Today’s Church Becoming Too Cool?

From my own comfy church pew, I’ve recently noticed what seems to be an obsessive pursuit of “cool-relevancy” by the church. In a mass-media, buffet-style world of congregational offerings, it seems like an increased amount of focus is being placed on organizing media presentations and coffee bar locations, rather than intimate interaction with new members and plans for deeper spiritual growth.

While I understand that we cannot grow people until we get them through the doors, I also think that there could be a downfall to spending too much time adhering to the tire-less march of reinvention. It may threaten to blind new Christians to the realities that being a Christian is less about slick slide show presentations, cool gadgetry and ease of bible use, and more about uncomfortable, slow, change (sanctification).

In this age of technology and Starbucks and amid threats that we are losing the next generation of Christians during college years, it seems that the church’s human response has been to arm itself with all it can to ensure its own survival.

In this age of technology and Starbucks and amid threats that we are losing the next generation of Christians during college years, it seems that the church’s human response has been to arm itself with all it can to ensure its own survival. The response has not been at a “We must continue to Win Souls” kind of level, but at a more corporate, “We must sell more stuff and offer more popular classes” kind of level. This is the kind that sells books and T-Shirts and begs attendees to keep coming back for more, much like a cleverly designed hook at the end of a well written novel.

A Move Toward Relevancy

When I think about the church of my current day in comparison with the church of my parent’s day, I can say with confidence that I think a move towards relevancy (or coolness) has had a lot to do with the way my family now so openly discusses Christ at the dinner table or in line at the grocery store. The Post-Modern Church in my lifetime has done a great job of opening the relatable doors and making Christ a much more fluid part of daily life, the way that He should be! But beyond this point, I’m not sure that we should keep going.

As I write this, I also realize that I do not have the responsibility or experience in leading a church. I recognize that to succeed, the church must run as a business to pay its bills and staff payroll. And I can appreciate that an evaluation must be done to ensure the church moves with the congregation’s needs and the manner in how it is received. But where do we think the line is between remaining a reliable source for the needs of the congregation and flamboyant all-out reinvention because you can?

And consider this, what do YOU look for in a church the first time you visit it? Would you return to a church if the floors were in good repair, but kind of outdated and ugly even if the teaching was sound and inspiring?

If the church seeks to be relevant within the context that it seeks to disregard legalistic views and stodgy expectations of ritualism in exchange for a more connected pursuit of worship between God and people, I’m all for it. But when this is not the focus I start to get a little…bothered.

Hipster Churches

Brett McCraken writes in his 2010 Article, Hipster Faith, about the Hipster Christian movement, which was born out of a climate of progressively “cool” evangelicalism. “. [a] youth culture built on the infrastructure of a lucrative Christian retail industry and commercial subculture. Huge Christian rock festivals, Lord’s Gym T-shirts, WWJD bracelets, Left Behind, and so forth. It was big business. It was corporate. It was schlocky kitsch. And it was begging to be rebelled against [by today’s Hipster Christian].”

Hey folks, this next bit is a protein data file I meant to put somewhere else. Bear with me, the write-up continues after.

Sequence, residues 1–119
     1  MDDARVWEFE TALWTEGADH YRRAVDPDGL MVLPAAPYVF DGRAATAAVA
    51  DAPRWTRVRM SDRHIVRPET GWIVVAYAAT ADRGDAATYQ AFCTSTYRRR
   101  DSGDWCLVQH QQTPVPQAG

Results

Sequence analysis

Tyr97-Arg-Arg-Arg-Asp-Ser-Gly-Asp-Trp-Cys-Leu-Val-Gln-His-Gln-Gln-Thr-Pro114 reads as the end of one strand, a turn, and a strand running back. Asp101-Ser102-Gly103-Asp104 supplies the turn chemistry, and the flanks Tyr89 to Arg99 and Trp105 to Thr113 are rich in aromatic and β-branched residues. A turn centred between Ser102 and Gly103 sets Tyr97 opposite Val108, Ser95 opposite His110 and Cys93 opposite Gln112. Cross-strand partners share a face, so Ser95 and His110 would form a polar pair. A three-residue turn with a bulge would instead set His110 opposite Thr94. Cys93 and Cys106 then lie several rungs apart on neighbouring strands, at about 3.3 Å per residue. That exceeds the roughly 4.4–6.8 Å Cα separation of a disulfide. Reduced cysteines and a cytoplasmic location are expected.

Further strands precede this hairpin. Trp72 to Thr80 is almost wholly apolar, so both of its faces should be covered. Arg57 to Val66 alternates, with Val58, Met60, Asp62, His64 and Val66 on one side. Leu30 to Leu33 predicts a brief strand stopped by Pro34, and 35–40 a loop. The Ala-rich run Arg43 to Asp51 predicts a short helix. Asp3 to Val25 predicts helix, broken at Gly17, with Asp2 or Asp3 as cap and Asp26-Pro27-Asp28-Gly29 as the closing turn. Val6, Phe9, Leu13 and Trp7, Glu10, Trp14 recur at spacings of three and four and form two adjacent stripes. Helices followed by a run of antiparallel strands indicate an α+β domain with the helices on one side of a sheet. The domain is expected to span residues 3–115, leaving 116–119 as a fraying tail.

The article is an insightful description of a movement of Christians longing to disregard the gimmicky church of their youth and return to a core desire of church without all the excess.

Though the article heralds the Hipster Christians for their bold exodus from showy expectations and uncomfortably churchy traditions, it also warns of the danger of being “of the world” rather than set apart. Though past initiatives for the church to remain relative have often strengthened our relationship with God (think Martin Luther’s departure) I don’t believe that is where our current metropolitan church is headed. Somehow it seems like a tool to increase pew attendance.

The Marketed Church

The result for me is that I am hyper-aware that I’m constantly being marketed to as a consumer. And when the church acts like a business, it tends to fall within this sometimes loathed category. Creating a disenfranchised establishment that seems cold and disingenuous.

Maybe you, like me, fall into the category of 25-35 years old. Our generation grew up during the very early years of high-technology and TV marketing at its peak. Huge investments were made by marketers to learn about how consumers shopped, and what our psychological responses would be to a product with a red package versus a blue one. The result for me is that I am hyper-aware that I’m constantly being marketed to as a consumer. And when the church acts like a business, it tends to fall within this sometimes loathed category. Creating a disenfranchised establishment that seems cold and disingenuous.

Hipster churches are hip, because they meet people where they are, have low demands before coming to Christ and demonstrate a genuine interest in reaching the lost despite tattoos, piercings, or past. They offer welcoming environments to go TO the lost in their own territory like bars or nightclubs, where some of these churches hold worship. They are an organically created environment that requires no committees or marketing firms. But wanna-be hip church seems tempted to fashion themselves (and their churches) in the hipster mold out of fear of being on the periphery.

The bothersome point I’m getting at is this; have churches traded faith in God to provide, for high-gloss printed material on recycled cardboard and sermons that include the phrase “Check out my next series, you’re going to love it”? Every time I hear a preacher reference his future sermon series, I picture Paul writing to his church and concluding his letter with, “I, Paul, write this greeting by my own hand. Check out my letter next week, in which I will write to you about my upcoming interaction with Barnabus and see how I handled “Difficult Relationships”.